From the great British novelist Dame Margaret Drabble comes a vital and audacious tale about the many ways in which we confront aging and living in a time of geopolitical rupture.
Francesca Stubbs has an extremely full life. A highly regarded expert on housing for the elderly who is herself getting on in age, she drives “restlessly round England,” which is “her last love . . . She wants to see it all before she dies.” Amid the professional conferences that dominate her schedule, she fits in visits to old friends, brings home cooked dinners to her ailing ex-husband, texts her son, who is grieving over the shocking death of his girlfriend, and drops in on her daughter, a quirky young woman who lives in a flood plain in the West Country. Fran cannot help but think of her mortality, but she is “not ready to settle yet, with a cat upon her knee.” She still prizes her “frisson of autonomy,” her belief in herself as a dynamic individual doing meaningful work in the world.
The Dark Flood Rises moves between Fran’s interconnected group of family and friends in England and a seemingly idyllic expat community in the Canary Islands. In both places, disaster looms. In Britain, the flood tides are rising, and in the Canaries, there is always the potential for a seismic event. As well, migrants are fleeing an increasingly war-torn Middle East.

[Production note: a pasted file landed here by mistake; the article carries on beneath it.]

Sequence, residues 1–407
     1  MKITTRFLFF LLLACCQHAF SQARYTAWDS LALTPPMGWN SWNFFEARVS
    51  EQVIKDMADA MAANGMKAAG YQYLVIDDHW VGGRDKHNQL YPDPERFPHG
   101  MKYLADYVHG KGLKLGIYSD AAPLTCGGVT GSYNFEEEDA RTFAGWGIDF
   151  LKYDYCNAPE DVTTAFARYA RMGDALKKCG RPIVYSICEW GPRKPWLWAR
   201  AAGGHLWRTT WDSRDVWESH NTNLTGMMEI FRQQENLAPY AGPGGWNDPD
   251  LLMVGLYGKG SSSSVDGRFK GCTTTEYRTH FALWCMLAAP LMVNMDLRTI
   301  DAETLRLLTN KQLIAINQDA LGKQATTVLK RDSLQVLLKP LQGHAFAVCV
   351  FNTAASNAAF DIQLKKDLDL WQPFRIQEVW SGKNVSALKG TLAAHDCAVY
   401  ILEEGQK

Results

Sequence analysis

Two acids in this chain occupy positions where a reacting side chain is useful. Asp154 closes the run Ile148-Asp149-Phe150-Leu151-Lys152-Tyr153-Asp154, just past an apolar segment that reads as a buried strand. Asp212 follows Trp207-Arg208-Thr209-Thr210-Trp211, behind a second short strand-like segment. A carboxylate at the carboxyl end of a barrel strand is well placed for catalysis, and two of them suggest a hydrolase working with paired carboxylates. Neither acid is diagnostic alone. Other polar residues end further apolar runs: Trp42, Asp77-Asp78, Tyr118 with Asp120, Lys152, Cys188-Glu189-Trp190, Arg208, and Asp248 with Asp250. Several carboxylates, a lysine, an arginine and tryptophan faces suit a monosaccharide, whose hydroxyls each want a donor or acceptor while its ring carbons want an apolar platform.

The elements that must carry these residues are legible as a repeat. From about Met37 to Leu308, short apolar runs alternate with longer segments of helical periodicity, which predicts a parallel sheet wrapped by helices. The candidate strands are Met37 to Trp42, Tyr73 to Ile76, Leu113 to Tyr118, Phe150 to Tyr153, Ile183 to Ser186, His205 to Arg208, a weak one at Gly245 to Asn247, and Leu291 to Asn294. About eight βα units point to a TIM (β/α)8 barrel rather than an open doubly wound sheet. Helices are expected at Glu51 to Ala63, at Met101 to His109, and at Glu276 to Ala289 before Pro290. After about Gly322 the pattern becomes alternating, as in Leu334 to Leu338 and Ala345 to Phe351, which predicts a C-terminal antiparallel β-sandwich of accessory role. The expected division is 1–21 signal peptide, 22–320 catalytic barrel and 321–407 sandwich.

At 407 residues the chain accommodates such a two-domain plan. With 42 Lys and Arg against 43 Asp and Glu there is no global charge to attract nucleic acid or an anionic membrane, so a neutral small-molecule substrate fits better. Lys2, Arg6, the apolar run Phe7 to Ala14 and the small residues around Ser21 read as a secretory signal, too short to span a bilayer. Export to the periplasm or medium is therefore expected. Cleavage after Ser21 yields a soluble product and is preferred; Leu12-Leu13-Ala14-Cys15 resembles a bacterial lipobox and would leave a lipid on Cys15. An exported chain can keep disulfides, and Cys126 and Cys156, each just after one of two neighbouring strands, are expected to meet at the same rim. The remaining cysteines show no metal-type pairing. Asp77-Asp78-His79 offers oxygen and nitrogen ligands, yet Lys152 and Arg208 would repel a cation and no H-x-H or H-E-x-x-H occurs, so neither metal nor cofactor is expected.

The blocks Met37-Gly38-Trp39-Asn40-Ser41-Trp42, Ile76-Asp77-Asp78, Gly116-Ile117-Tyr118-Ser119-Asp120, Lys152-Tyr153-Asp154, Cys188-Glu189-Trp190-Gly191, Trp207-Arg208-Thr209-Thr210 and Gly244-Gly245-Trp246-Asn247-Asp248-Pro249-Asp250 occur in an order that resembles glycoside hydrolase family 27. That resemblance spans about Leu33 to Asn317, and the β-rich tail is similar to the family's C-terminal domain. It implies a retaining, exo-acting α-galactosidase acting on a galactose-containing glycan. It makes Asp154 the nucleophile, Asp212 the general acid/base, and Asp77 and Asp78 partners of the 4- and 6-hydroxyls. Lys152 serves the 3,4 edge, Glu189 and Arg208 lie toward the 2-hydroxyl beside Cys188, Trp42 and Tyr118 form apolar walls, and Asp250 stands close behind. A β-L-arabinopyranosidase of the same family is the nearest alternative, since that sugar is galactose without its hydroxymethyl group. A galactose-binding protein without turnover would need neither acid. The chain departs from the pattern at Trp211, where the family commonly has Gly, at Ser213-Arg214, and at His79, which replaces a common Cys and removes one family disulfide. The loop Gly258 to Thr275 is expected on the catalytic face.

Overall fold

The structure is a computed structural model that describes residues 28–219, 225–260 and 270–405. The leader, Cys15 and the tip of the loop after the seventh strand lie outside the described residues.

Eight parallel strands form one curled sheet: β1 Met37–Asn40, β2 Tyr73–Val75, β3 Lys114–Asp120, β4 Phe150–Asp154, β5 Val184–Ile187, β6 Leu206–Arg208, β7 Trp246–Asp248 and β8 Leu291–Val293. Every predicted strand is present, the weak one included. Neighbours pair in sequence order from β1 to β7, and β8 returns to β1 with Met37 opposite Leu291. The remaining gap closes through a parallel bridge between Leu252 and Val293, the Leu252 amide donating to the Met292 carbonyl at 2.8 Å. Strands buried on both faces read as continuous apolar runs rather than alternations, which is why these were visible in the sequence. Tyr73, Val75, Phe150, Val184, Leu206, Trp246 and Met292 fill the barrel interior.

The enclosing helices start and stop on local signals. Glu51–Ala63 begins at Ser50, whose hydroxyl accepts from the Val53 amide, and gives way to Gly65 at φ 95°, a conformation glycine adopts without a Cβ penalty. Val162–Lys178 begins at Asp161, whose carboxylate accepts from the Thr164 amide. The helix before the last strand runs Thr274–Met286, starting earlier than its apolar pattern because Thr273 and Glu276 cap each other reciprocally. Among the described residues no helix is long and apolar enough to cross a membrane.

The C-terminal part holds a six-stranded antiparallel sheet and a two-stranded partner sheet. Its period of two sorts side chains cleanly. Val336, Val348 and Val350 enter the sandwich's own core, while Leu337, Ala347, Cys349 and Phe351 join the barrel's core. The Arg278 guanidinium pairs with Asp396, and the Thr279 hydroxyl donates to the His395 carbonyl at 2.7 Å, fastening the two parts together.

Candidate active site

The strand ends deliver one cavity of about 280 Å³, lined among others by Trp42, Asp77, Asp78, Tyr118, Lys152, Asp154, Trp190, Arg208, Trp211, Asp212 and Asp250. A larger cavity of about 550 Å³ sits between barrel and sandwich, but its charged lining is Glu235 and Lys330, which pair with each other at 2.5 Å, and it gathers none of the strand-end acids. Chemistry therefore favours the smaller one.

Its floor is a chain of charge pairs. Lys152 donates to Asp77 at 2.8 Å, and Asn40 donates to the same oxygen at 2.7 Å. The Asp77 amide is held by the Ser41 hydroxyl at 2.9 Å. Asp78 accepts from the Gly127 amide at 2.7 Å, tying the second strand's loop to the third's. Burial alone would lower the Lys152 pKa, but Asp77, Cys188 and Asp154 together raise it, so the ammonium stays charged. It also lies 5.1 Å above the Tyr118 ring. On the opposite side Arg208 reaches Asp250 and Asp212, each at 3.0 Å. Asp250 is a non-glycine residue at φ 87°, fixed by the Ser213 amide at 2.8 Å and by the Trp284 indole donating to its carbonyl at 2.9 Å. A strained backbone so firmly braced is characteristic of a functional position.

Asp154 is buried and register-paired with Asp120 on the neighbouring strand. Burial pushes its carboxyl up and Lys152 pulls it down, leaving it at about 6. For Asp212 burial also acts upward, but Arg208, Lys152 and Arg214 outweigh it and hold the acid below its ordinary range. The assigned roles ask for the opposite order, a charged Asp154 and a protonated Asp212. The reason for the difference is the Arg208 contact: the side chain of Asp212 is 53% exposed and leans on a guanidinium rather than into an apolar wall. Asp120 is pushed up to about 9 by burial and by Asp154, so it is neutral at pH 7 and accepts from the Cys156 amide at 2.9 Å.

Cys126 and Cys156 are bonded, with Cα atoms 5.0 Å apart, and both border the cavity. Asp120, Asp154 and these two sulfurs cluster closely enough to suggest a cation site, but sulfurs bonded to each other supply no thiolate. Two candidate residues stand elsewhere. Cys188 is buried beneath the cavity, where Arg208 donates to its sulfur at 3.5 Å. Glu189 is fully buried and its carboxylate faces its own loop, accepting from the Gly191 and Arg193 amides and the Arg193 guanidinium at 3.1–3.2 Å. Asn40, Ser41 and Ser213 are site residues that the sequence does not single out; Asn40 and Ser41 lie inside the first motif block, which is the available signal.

Though The Dark Flood Rises delivers the pleasures of a traditional novel, it is clearly situated in the precarious present. Margaret Drabble’s latest enthralls, entertains, and asks existential questions in equal measure. Alas, there is undeniable truth in Fran’s insight: “Old age, it’s a fucking disaster!”
“A thought-provoking, witty and surprisingly acerbic read” (The Herald)
“Shrewd and timely – the best novel I’ve read in ages. Ferociously well written, and hugely entertaining”– (SARAH WATERS)
“A heartfelt rumination on the process of ageing and inevitability of death”–(The List)
“Sharp observation and pessimistic pondering . . .There is a gloomy, undeniable truthfulness to this novel”–(Daily Express)
“Uplifting . . . Profound . . . Unforgettable . . . At its heart is the enormous question, how do we know if we’ve had a good life?”–(Sunday Telegraph)
“Darkly witty and exhilarating”– (The Times)